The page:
Neck Pain - An Overview

Most Cases Resolve in Less Than 3 Months

neck pain
Photo by Amanda Rohde (iStockphoto)

Neck pain can originate from various parts of the anatomy, including soft tissue next to the spine, intervertebral joints and disks, compression of the spinal cord or nerve roots, and referred pain. Determining the cause can be difficult because there are several possibilities: trauma or injury, tumor, degenerative changes, infection, and autoimmune diseases (e.g., rheumatoid arthritis, ankylosing spondylitis).

Neck pain can be a sticky wicket for diagnosticians -- not only must they determine the cause of the pain, they must determine which patients can get relief from conservative approaches and which require more aggressive treatment.

Neck pain can be quite severe, but most people improve within 1-2 weeks and many are fully resolved in 8-12 weeks, according to the American College of Rheumatology. About 10% of the population experience some degree of neck pain each year. While neck pain may be slightly more prevalent among women than men, it can occur in anyone of any age.

Anatomy and Symptoms

There are 7 vertebrae in the cervical spine, numbered C1 through C7. C1 (atlas) and C2 (axis) differ in their anatomy than C3-C7. Neck pain can be localized to the cervical spine area or it can radiate down an arm, a condition known as radiculopathy.

Symptoms of neck pain can be simply that, pain in the neck.

There also can be stiffness of the neck and limited range of motion. If nerves are involved, there can be numbness, tingling, or weakness in the arm or hand.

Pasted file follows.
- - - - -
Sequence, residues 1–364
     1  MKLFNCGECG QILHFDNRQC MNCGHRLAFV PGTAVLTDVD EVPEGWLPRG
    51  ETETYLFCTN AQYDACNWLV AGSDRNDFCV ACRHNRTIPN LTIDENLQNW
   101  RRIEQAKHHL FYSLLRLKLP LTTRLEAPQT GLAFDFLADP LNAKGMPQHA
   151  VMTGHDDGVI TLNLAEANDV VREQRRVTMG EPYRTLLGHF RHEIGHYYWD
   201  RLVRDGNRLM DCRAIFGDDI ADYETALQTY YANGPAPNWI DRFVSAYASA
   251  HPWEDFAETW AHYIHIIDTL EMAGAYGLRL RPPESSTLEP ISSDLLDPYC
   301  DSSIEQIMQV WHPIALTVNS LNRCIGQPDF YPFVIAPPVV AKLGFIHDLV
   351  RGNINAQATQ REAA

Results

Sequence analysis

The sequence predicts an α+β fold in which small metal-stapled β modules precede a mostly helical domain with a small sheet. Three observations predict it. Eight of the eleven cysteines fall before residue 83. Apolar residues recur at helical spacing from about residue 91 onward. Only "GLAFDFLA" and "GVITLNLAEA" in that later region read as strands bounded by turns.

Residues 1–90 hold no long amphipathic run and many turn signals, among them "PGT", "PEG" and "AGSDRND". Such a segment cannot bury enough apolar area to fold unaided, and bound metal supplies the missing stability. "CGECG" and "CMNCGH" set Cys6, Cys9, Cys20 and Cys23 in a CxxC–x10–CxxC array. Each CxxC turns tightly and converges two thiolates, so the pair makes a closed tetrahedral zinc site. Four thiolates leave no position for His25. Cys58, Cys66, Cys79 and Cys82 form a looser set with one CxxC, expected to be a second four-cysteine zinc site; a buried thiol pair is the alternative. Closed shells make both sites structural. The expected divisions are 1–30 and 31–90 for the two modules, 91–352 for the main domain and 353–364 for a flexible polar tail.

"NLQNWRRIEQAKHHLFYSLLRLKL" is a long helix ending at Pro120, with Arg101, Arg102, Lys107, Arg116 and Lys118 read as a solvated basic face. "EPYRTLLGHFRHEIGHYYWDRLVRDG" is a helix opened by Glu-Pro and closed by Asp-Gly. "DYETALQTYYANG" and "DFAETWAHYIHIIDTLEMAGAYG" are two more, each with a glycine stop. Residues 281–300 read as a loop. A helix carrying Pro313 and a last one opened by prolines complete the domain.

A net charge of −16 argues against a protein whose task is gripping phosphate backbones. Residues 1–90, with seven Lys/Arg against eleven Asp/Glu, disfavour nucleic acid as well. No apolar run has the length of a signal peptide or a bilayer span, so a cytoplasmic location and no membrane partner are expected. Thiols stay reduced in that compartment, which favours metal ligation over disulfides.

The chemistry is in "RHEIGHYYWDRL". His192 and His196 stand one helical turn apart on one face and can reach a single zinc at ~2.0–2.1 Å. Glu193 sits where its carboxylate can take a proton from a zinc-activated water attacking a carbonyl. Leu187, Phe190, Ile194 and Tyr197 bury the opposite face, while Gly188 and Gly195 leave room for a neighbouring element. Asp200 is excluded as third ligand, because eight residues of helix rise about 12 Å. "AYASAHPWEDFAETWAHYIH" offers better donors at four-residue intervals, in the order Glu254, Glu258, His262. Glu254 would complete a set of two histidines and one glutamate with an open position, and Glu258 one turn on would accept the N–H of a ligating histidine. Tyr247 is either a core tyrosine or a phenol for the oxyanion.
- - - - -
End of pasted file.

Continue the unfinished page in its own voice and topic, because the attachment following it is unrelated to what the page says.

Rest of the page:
Diagnosing Neck Pain

Initially and most importantly, the diagnosis of neck conditions is based on findings from a patient's medical history and a physical examination.

That's usually enough to decide upon a course of therapy. If other conditions need to be ruled out, such as soft tissue problems, herniated discs, spinal stenosis, tumors, or nerve injury, it may be necessary to have x-ray, MRI, or CT scan.

Causes of Neck Pain

The majority of neck pain issues are associated with mechanical disorders, not systemic disease. Only about 10% of neck pain cases are systemic. There can be common causes, resulting in neck strain: overuse of the neck and arms, bending over a desk for a prolonged period, wrong position of a computer monitor causing neck strain, sleeping in the wrong position. Neck pain can also be associated with aging. Accidents or falls can cause vertebral fracture, whiplash, or paralysis. Other causes of neck pain include:

Cervical disc herniation - Intervertebral disc herniation of the cervical spine causes radicular pain which radiates from the shoulder to the forearm to the hand.

Cervical spondylosis (Cervical disc degeneration) - Osteoarthritis of the cervical spine is synonymous with disc degeneration.

The gelatin-like center of cervical discs degenerates and the space between the vertebrae narrows. As it narrows, more stress is applied to the joints in the cervical spine, causing more degeneration.

Spinal stenosis - Spinal stenosis is a condition caused by narrowing of the spinal canal. If the narrowing occurs in the cervical region of the spine, the neck is involved.

Myelopathy (spinal cord dysfunction) - Myelopathy usually develops because of spinal cord compression by osteophytes, ligamentum flavum (ligaments of the spine), or spinal stenosis.

Treating Neck Pain

The two primary goals of treatment are relieving neck pain and preserving motion in the neck. Gradual, gentle movement through the neck's full range of motion is essential. Other modes of treatment for neck pain include:

  • 5 to 10 minute ice massages in the first 48 hours of a pain episode.
  • Heat application for neck pain lasting more than 48 hours.
  • Over-the-counter medications, including acetaminophen and NSAIDs, to relieve pain.
  • Muscle relaxants may help in some cases.
  • Massage therapy.
  • Cervical spine surgery in rare cases.


Neck Pain. American College of Rheumatology. David Borenstein, M.D. February 2012.

Neck Pain. OrthoInfo. December 2013.

Neck Pain. MedlinePlus. 4/16/2013.

Mechanical Disorders of the Cervical Spine. Primer on the Rheumatic Diseases. Thirteenth edition. P.64.

Clinical Features and Treatment of Gout. Burns and Wortmann. Chapter 95. Kelley's Textbook of Rheumatology. Volume II. Elsevier Saunders.

Continue Reading